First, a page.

Hint: You’ll need some sunny weather.

Hint: You’ll need some sunny weather.

Kirn Vintage Stock/Getty Images

Christmas is no time to go rogue. No matter how adventurous we might be the rest of the year, when it comes to holiday foods, the buck stops at Memaw’s recipe box. Southerners want all the time-honored recipes from our family and community: Miss Billie’s peanut brittle, Nanna’s ambrosia, Aunt Vertie’s old-fashioned orange slice candy, Great Aunt Margaret’s fruitcake . . . We love rich fudge made from a recipe that has been printed on the cocoa can (or jars of Kraft Marshmallow Crème) FOREVER, plus sugar cookies, eggnog, and boiled custard.

Some of these recipes can be mastered easily enough, while others require time in the kitchen, under the watchful eye of the family matriarch. When we polled our Facebook Brain Trust to see which vintage recipe, above all others, we would need our grandmothers to teach us, one holiday sweet treat rose to the top: homemade divinity.

Any kitchen novice will approach an old-fashioned divinity recipe with fear and trembling. What if the egg whites don’t fluff? What if the syrup mixture scorches? What if the whole concoction turns a really odd and thoroughly un-Christmasy color? What if, what if, what if?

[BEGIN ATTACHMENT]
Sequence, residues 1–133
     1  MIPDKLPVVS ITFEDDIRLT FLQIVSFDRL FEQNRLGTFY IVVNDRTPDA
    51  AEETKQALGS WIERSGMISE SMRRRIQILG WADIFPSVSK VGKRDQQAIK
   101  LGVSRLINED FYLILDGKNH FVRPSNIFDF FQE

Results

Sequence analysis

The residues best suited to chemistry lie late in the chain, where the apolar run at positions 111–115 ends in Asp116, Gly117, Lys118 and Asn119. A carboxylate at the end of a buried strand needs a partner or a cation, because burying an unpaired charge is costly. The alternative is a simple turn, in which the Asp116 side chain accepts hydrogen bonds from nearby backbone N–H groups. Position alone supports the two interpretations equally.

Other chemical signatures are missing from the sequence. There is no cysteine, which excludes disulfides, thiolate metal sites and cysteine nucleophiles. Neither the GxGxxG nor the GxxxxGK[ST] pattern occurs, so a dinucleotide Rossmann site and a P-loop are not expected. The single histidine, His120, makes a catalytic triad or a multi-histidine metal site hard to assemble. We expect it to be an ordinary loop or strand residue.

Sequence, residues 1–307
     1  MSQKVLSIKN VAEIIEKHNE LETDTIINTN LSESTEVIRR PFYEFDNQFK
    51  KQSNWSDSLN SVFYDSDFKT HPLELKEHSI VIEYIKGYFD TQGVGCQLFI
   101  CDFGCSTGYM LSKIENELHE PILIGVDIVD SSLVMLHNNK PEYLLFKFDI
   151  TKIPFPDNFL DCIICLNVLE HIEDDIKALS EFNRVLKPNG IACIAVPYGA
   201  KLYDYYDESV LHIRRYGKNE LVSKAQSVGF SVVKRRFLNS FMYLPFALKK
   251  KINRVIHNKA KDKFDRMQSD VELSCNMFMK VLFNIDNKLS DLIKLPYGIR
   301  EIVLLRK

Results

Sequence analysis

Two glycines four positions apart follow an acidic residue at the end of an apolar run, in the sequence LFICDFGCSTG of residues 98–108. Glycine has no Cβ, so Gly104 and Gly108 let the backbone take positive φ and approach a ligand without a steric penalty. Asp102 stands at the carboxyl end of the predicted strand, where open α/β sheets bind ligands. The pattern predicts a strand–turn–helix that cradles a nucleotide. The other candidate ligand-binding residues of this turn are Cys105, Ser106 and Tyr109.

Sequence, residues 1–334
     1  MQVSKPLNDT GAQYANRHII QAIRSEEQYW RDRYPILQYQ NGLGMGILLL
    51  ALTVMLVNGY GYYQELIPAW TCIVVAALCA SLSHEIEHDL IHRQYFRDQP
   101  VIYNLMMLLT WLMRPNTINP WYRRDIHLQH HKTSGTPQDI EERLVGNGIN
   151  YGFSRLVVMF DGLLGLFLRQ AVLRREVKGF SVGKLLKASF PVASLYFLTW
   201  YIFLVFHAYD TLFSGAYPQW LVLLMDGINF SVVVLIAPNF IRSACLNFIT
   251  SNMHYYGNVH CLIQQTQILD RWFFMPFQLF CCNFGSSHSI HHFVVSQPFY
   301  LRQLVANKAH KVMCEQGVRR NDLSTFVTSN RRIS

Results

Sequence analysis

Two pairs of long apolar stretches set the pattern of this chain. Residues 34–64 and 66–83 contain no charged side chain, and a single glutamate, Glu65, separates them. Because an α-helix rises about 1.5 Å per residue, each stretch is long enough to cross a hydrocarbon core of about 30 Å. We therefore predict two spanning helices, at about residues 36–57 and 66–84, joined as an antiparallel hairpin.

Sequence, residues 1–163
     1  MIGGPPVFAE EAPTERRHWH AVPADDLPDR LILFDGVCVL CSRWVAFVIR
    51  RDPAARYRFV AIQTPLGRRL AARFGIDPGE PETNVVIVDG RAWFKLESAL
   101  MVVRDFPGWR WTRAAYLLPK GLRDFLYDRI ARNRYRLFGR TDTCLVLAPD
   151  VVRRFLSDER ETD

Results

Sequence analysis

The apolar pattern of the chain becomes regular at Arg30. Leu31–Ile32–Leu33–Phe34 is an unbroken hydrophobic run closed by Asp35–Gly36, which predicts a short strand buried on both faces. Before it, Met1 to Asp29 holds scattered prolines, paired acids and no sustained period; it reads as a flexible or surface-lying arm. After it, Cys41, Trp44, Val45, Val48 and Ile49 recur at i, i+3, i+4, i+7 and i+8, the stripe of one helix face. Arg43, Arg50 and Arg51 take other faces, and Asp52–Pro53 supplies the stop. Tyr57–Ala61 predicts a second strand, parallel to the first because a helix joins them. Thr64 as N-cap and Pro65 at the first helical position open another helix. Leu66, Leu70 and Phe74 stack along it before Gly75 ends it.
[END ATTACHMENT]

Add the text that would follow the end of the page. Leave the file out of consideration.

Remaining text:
“Now don’t even try this on a cloudy day,” warns a seasoned Divinity Diva from Alabama. “Divinity does best on a bright, sunny day, but at the very least, it has to be dry outside. Egg whites will-not-do on a cloudy day. And you must cook the syrup mixture till it can spin a thread. You know what I mean by spin a thread?” (Of course. Sort of. Not really.)

More than anything else, that’s what fascinates us about watching our grandmothers in the kitchen—the way they confidently put generations of food knowledge to work. It’s those capable hands in biscuit dough, a gold band barely shining through all the flour. And the flour gets sifted through a 70-year-old apparatus that her mother gave her. It looks like an oversized pork-and-beans can with a handle attached. Simple tools, sturdy and well used. An apron in a floral print with ruffles at the shoulders. A dishpan that looks older than you are.

(Tip: Don’t ask your grandmother if you bake divinity. She will give you a forlorn look that says, “Where did your mother go wrong?” You don’t bake it. You cool it.)

For your first attempt at homemade divinity—especially if Memaw isn’t available for a consult—we recommend Mrs. Floyd’s Divinity. This recipe was shared with Southern Living readers by the wife of our former editor-in-chief, who ruled supreme over the staff but confessed that he looked on anxiously each month as Mrs. Floyd went through the latest issue of the magazine. She tasted many a white Christmas cake with us—and makes one mean batch of divinity. Memaw would approve.

WATCH: Mrs. Floyd's Divinity

Divinity is one of those great vintage candies that Southerners have loved for generations. This is one of our all-time favorite recipes for it.